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Stephen Hawking Meets God

There is plenty of debate whether Stephen Hawking believed in God or not. He used the word ‘God’ and spoke about explaining the universe as glimpsing ‘the mind of God’. But he didn’t use the word ‘God’ in the sense of a ‘guy in the sky’ – which is the way a lot of religious people sound when they talk about God, and the way a lot of atheists sound when they deny God.

As far as we can tell, God didn’t exist before the universe because there wasn’t a ‘before‘. Time began at the start of the universe – and even St Augustine figured this much out: time is created by God. Stephen Hawking was clear God didn’t light the blue touch paper and set the universe going.

Even the word ‘exist’ must be used differently of God than of created objects. Let’s not forget that the early Christians were called atheists by everyone else.

We live in a goldilocks universe – with the strong and weak nuclear forces and the gravitational constant and so forth set just right for thinking beings to evolve. Postulating that there are other universes was part of Stephen Hawking’s theorising. Having a single, anthropic (seemingly designed to facilitate the evolution of thinking beings) universe is highly inconvenient for atheists. But, I also have to wonder, in what sense they might exist if there is no one to observe them?

Stephen Hawking’s final paper, A Smooth Exit from Eternal Inflation? has the laws of our universe applying to all the universes of the multiverse – and so, far from applying Occam’s razor to an imagined multiplicity of universes, we are back to the atheists dilemma: how is it that the multiverse is anthropic? Stephen Hawking’s final contribution to science advances the dialogue between faith and science.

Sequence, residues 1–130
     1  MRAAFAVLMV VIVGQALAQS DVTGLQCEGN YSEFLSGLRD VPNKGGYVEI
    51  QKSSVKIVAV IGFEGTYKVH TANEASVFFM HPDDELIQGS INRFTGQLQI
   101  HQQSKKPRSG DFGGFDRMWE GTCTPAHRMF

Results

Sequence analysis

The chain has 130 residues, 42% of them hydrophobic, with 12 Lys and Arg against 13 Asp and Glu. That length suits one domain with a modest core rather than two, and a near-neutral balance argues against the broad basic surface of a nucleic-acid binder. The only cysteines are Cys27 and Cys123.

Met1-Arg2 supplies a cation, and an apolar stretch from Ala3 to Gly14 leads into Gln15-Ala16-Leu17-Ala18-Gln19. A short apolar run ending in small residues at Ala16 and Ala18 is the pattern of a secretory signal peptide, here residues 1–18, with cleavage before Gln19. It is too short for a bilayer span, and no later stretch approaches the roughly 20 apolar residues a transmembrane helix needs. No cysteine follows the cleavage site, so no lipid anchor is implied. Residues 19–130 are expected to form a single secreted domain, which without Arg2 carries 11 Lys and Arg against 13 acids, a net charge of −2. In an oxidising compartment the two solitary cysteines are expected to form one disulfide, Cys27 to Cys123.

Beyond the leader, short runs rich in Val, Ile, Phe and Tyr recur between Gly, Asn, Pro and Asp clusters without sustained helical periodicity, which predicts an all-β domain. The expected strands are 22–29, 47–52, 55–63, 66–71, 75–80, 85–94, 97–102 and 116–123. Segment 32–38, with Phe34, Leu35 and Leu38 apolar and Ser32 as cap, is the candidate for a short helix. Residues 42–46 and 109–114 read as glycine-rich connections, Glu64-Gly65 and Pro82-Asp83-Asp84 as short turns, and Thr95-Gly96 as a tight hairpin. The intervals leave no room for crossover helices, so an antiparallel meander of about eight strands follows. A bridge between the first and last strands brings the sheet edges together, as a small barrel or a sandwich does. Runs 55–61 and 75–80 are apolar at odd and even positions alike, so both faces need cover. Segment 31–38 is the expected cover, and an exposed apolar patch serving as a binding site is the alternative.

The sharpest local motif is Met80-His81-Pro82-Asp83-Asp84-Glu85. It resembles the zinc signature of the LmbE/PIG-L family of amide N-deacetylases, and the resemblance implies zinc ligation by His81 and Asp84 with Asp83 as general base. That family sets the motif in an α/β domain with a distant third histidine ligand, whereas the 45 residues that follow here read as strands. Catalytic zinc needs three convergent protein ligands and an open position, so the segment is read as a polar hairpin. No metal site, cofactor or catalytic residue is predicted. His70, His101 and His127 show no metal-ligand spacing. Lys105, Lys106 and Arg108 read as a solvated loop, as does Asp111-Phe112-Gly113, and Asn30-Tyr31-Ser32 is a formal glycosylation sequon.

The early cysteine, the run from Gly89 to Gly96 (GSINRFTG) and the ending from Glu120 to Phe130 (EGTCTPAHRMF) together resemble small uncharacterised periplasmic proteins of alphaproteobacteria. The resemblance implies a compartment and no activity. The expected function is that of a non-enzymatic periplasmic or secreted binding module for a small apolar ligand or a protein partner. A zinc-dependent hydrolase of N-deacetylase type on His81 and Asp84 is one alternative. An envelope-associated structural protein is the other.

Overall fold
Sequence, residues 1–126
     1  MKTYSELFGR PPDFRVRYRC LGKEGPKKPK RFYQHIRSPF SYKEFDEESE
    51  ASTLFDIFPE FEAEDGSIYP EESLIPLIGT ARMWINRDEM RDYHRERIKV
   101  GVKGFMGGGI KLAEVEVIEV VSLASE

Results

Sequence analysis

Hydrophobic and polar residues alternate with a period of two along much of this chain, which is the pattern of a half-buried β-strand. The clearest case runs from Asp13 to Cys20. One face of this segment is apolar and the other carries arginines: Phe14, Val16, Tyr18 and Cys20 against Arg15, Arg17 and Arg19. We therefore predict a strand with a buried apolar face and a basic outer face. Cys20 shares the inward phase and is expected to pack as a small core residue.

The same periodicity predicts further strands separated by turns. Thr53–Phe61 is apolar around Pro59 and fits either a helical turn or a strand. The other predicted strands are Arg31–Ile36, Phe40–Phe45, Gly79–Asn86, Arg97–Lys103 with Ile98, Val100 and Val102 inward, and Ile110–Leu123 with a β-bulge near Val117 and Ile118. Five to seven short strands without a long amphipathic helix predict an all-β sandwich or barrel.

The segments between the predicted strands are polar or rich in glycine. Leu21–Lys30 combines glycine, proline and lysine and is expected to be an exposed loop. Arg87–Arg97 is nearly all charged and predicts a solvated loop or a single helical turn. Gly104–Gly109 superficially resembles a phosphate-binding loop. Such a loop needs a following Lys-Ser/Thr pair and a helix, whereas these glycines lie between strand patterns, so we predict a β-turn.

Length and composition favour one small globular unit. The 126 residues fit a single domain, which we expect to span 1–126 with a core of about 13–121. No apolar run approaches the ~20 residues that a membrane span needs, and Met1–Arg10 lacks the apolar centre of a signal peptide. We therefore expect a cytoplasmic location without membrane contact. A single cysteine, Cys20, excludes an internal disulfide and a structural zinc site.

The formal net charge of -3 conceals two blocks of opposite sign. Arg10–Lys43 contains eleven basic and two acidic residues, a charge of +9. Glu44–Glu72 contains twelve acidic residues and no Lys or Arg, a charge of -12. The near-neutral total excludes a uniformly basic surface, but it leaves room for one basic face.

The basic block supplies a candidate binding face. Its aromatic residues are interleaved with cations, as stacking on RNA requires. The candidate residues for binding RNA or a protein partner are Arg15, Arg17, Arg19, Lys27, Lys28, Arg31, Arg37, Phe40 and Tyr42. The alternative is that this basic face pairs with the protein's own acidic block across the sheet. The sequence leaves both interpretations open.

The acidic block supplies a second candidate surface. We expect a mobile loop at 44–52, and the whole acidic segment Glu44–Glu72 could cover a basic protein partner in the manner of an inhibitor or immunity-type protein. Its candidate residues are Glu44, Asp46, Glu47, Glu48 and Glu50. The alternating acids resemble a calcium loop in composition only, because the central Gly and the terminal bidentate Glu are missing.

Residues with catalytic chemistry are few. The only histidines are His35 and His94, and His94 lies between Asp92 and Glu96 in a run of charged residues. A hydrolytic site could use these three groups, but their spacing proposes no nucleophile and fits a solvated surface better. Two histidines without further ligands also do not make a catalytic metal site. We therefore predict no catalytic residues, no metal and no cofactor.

There was outrage both from religious and atheistic people that Stephen Hawking’s remains are buried in Westminster Abbey. I’m with The Dean of Westminster, the Very Reverend Dr John Hall, who said, “We believe it to be vital that science and religion work together to seek to answer the great questions of the mystery of life and of the universe.”

You can find the order of service here.

We have entrusted our brother Stephen to God’s mercy, and we now commit his mortal remains to the ground: earth to earth, ashes to ashes, dust to dust: in sure and certain hope of the resurrection to eternal life through our Lord Jesus Christ, who will transform our frail bodies that they may be conformed to his glorious body, who died, was buried, and rose again for us. To him be glory for ever. Amen.

The ashes are placed in the grave.

Heavenly Father, we thank you for all those whom we love but see no longer. As we remember Stephen in this place, hold before us our beginning and our ending, the dust from which we come and the death to which we move, with a firm hope in your eternal love and purposes for us, in Jesus Christ our Lord. Amen.

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7 Responses to Stephen Hawking Meets God